Basic Brown Stock
Basic Brown Stock
Servings
7lbs Bones
Servings
7lbs Bones
Ingredients
Bone and meat
Mirepoix (aromatics)
  • 2cups onion – rough chopped, skin on is fine (can substitute leeks)
  • 1cup celery – rough chopped, leaves are OK
  • 1cup carrots – unpeeled, rough chopped
Liquid and Pot Size
  • 6quarts cold water– at least enough to cover the bones
  • 2cups wine – light red for bones from red meats, dry white for poultry or fish
  • 12quarts Minimum pot size– add 50% for pressure cooker
Flavorings
Instructions
Roasting
  1. Preheat oven to 400°F.
  2. Brush bones with olive oil to encourage browning.
  3. Place bones on a rack or grate in a roasting pan or rimmed baking sheet, spread so they all brown. Use 2 pans if needed. Roast uncovered for 1 hour, turning once or twice.

    Often during this first step the roasting smell is slightly unpleasant. Don’t worry – it will get better, and the smell is not a clue that the bones have a problem. It will go away — ignore it.
  4. Brush bones with tomato paste. Use it all up. (skip the tomato paste for fish and poultry)
  5. Leaving room for the bones to keep browning, add the meat scraps and about half the mirepox to the oven. Use another pan if need be.
  6. Roast 30 more minutes then remove pans from oven and let cool a few minutes.
Main Process
  1. Move everything from the pans into the pot. If there are any browned bits stuck on the pans, deglaze them with the red wine and mix into the pot. Don’t skip this step, there’s great flavor there.
  2. Add the wine and all flavorings except the parsley tops (do add the stems).
  3. If using pressure cooker or making fish stock, add the remaining mirepoix to the pot now.
  4. Add cold water to cover everything, cover and turn the heat high.
  5. If using a pressure cooker:, If you insist on skimming the schmutz, bring it to a boil first and skim away. Then seal it up and bring to 15lbs pressure. Reduce the heat to just hold 15lbs. Cook 4 hours for beef/venison bones, 1 hour for poultry, 20 minutes for fish. Turn off heat, let cool at least 20 minutes and ensure the pressure is gone before attempting to open. Read the directions on your cooker for how to safely open.
  6. If using a stock pot, bring just to a boil than turn down to a very slow simmer, covered. Cook 2-4 hours for poultry, 1 hour for fish. For bones from red meats, opinions vary. 8-24 hours seems typical. I like 36 if it’s furnace weather. Some call for as long as 48.
  7. Especially early in the process, unappetizing stuff floats to the top. Skim it off if you like, but some (like me) argue it doesn’t hurt anything. Anecdotal evidence suggests fish stock might be an exception.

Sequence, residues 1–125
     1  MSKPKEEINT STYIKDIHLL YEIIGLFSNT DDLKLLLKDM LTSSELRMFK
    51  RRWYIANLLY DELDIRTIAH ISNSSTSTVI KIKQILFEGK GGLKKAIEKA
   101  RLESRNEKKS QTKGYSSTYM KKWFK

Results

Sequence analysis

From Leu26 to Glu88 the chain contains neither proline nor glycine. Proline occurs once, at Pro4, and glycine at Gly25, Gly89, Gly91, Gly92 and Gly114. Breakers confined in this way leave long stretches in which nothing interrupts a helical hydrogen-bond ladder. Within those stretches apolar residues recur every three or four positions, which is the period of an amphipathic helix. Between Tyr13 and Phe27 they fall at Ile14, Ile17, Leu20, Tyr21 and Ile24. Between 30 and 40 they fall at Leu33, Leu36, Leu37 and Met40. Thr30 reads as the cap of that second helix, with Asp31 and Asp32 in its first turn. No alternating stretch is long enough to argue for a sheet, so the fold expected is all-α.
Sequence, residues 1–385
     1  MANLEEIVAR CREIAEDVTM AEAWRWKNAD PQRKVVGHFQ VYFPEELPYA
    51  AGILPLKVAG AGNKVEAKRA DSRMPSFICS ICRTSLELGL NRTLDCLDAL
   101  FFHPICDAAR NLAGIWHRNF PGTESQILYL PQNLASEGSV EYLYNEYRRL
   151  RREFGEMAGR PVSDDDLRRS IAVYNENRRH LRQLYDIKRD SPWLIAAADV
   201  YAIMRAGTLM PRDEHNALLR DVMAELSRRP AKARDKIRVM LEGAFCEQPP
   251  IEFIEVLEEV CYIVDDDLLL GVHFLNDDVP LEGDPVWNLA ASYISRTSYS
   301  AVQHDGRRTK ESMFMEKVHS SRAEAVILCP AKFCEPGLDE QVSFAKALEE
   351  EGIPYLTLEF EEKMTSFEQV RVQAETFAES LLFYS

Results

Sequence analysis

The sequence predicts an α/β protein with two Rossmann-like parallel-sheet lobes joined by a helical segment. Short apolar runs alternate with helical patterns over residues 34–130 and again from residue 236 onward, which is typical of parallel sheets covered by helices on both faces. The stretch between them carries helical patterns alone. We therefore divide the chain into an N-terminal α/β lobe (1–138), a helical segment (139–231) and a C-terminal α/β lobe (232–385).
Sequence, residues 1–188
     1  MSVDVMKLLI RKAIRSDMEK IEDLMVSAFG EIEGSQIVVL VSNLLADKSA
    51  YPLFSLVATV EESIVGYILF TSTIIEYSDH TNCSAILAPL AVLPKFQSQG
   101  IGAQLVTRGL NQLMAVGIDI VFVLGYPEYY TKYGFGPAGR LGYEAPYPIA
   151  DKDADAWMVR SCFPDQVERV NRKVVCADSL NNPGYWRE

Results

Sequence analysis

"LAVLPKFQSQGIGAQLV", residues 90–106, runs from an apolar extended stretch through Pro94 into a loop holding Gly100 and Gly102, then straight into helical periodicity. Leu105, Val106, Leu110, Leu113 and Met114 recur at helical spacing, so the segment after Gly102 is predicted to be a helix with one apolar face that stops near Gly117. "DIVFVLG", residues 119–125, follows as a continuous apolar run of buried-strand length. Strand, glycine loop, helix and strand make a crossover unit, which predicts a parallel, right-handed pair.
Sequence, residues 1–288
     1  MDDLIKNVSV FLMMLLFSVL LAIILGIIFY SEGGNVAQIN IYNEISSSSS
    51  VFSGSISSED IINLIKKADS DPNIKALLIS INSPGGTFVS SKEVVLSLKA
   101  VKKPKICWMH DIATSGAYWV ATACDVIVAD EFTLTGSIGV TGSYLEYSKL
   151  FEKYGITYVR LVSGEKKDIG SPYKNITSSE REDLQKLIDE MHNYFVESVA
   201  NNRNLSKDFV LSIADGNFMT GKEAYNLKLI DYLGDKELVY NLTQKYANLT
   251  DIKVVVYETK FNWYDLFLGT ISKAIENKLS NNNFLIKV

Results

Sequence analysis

8. Optional oven finish: for long cooking stocks move covered pot to a 190°F oven after it first comes to a boil. This saves the hassle of adjusting a burner for a slow simmer, and frees up the stove. Check the stock temp hourly and adjust your oven if needed until you are confident the stock is settled in somewhere around 190°F. Many ovens have an automatic 12 hour shutoff, so you should turn it off then back on before you go to bed if letting it go overnight. And then again when you get up. Click here for more detail.
  9. For poultry or red meat stocks in a stockpot, with 1 hour to go toss in the remaining mirepoix.
  10. For any stockpot stock, toss the parsley tops in with about 10 minutes to go.

    For any pressure cooker stock, toss the parsley tops in as soon as you open the lid after the pressure is gone, mix gently and let sit about 10 minutes.
After it’s cooked (the first 3 steps should happen without delay)
  1. Remove from heat, remove large items to a colander over a bowl to catch drippings. Discard solids unless saving for Remoullaige (a second use – I never bother). Don’t give the bones to your dogs – they have become very brittle. Meat scraps are fine.
  2. Filter out the remaining solids using cheesecloth, muslin, old clean t-shirts, a chinois, etc., whatever you have handy. Ladle through the filter into another pot. How well you filter it is a matter of taste but you sure don’t want to keep any bone bits. Press or squeeze out and save all the liquid you can before discarding the captured stuff.
  3. Optional: Salt to taste. Go easy because a common use for stock is as a substitute for water in a recipe.  If the stock is salted you’ll need to adjust salt in the recipe.  Most expect stock to be unsalted or “low sodium”.  Never add salt if you plan to reduce the stock into a demi glace or meat glaze.  One advantage is that salt buys a little more shelf life in the fridge.
  4. Chill the pot quickly to at least room temp, then move to the refrigerator to chill overnight. The initial fast chill can be done by setting the pot in a sink with cold water, ice helps. So does stirring the pot, and keeping the cold water bath moving also. The danger zone for food is 40-140°F. You don’t want food you intend to store for later use to spend much time in that range. Good job, now you can relax.
  5. After fully chilled, remove any fat solidified on top. Toss it, or mix it with seeds for bird feeder suet. Chicken or beef fat can also be saved for later use in a sautee pan. Now is the time to evaluate your stock for body – it should be gelatinous. Watch the video at the top to see how it should look.
  6. Optional: If not as gelatinous as you want, warm up the stock. Per quart add 1 packet of unflavored gelatin first softened in 1/4 cup cold water.
  7. Optional: Clarify. Google “egg raft”.  Leaves a crystal clear liquid – neccesary for consommé, aspic or any soup which should be very clear. Another benefit is you have to deal with the yolks.  Om nom nom nom.
  8. Good for 4 days in the fridge. For long term storage pressure can or freeze.
Recipe Notes

Here’s a great thing to do with a quart of your stock.

View online: http://KillerNoms.com/brownstock